Relational Evidence – Thoughts from the Edge

Humidity is the order of the day. I can’t see it but I can feel it. The consequences of the high humidity? Sweating tile. That’s right the moist warm air hits the cool tile and it feels like it has rained on the floor. Sometimes I wonder if we give any evidence for the reality of God. John, in 1 John 4, insists the reality of the presence of God and the experience of his love is completed when expressed in our love for each other.

About the Author
Husband to Patty. Daddy to Kimberly and Tommie. Grandpa Doc to Cohen, Max, Fox, and Marlee. Pastor to Snow Hill Baptist Church. Graduate of Oklahoma Baptist University and Southwestern Baptist Theological Seminary. Reading. Photography. Golf. Colorado. Jeeping. Friend. The views and opinions expressed here are my own and should not be construed as representing the corporate views of the church I pastor.

2 comments on “Relational Evidence – Thoughts from the Edge

  1. bruce robertson says:


    I think you make a good point, that our love for each other should give evidence to the reality of God. But I wonder if for some Christians that isn’t good enough. I wonder if for some Christians they struggle with the reality of God’s existence themselves. They may have bought into something, but maybe that something is more of a belief system than a way of life. And if it is a belief system then there needs to be more tangible evidence, and that evidence needs to be expressed on a consistent basis. And if it is a belief system then relationships aren’t important, activity and production are important.

    I read the following the other day and thought it said some profound things.

    “Philosopher Slavoj Zizek has described fundamentalism as a species of neurosis, in which a person keeps demanding proof that he is loved and never finds it sufficient.”
    I wonder if this doesn’t hit the mark for some of us, maybe not the neurosis part but certainly the part where we keep demanding proof that God loves us, or maybe that he even exists.

    Here is another quote:

    “Fundamentalists have become the mirror image of atheists. Unsatisfied with the transcendent and unknowable nature of the Almighty, they’ve stuffed and jammed him into a dinosaur diorama. ”
    The last quote was from a columnist from the Times in London named Terry Eagleton. I am a bit uncomfortable with the tone of the statement, but I wonder if what he is saying is, as the British say…”spot on”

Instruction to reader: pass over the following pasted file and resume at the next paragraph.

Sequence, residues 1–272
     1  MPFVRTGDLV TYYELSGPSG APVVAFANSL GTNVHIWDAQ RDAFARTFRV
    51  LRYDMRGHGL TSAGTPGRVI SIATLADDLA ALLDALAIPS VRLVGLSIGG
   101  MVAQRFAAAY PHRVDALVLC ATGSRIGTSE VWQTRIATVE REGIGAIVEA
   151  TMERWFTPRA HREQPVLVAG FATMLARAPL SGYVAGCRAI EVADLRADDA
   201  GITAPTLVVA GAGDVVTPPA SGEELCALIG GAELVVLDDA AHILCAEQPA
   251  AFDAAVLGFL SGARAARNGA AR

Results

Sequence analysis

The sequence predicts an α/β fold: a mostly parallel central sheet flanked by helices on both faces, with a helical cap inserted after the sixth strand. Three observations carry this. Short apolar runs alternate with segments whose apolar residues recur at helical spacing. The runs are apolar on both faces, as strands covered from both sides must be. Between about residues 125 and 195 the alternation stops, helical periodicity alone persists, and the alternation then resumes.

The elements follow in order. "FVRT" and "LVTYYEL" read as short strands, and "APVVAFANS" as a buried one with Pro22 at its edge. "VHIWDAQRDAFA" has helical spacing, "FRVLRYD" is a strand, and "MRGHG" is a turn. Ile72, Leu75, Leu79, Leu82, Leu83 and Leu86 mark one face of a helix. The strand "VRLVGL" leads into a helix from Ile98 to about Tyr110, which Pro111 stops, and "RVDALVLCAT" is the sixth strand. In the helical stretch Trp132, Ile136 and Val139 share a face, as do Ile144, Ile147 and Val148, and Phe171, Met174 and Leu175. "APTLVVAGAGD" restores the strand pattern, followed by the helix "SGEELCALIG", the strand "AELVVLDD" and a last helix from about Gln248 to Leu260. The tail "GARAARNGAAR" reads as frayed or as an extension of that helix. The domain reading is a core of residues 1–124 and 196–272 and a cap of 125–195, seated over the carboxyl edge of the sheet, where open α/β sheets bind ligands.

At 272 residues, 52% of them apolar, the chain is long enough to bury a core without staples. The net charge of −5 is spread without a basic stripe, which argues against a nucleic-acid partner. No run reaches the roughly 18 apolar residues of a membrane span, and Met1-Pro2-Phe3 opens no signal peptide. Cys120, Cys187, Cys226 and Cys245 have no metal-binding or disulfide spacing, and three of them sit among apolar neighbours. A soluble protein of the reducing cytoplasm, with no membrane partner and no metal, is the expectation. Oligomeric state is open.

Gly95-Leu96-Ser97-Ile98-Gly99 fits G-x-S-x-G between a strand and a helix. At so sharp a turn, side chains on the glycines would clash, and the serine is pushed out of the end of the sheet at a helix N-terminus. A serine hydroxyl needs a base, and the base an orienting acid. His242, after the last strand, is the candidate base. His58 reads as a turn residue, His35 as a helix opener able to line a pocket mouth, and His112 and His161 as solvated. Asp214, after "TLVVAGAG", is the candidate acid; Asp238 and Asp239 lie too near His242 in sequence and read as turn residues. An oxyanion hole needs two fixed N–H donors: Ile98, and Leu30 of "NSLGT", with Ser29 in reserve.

I wonder if because God is so knowable, yet unknowable, that just loving each other isn’t enough. We continue to need inerrant truth, or incontrovertable scientific proof. We need to continue to hear stories of the miraculous. We need to have power point presentations emailed to us to remind us of his existence and love for us.

    In the Message, when it talks about loving each other he uses the phrase, “loving each other as if your life depended on it.” I wonder if we actually loved each other that way, then not only would the reality of God’s existence become a given in the lives of believers but it would also be obvious to those outside the church as well.

  2. Bruce,

    Nice Zizek quote. I would agree with you. Peter Rollins new book has a series of parables wherein he points us to a place “beyond belief.” His point is just this, on some level we have traded belief in some-thing for a relationship with some-one. Belief systems tend to trample people in favor of the rigor of right. Relational faith, centered on Jesus, does not eschew statements of confidence in truth but places the emphasis upon people. That is why I think in a world starving for connections, relationship connections, it seems the core of the way of Jesus makes more sense than Jesus attending to the rigors of the outlying rings of our faith.

    Jesus’ prayer in John 17 cannot be minimized – they will know you are my disciples by your love for one another. The religious elite held on the the system of belief over against the needs of people. People lost out. Jesus heaped harsh words on those who neglect people for the letter of the law. We do so today at our peril and the detriment to the Good News.

    Eugene Peterson described it this way, paraphrased, “I know my wife better after more than 50 years of marriage. I don’t know my wife better after more than 50 years of marriage.” All our attempts to “nail” God down become idolatrous fantasies of the finite mind. For once we have God “nailed” down he may never behave differently than we have prescribed for him. In that turn of phrase we have made God into an image of our in/ability to apprehend him – a move the Scripture firmly denies possible.

    Great thoughts. Glad you stopped by.
    Hope you and the family are well.


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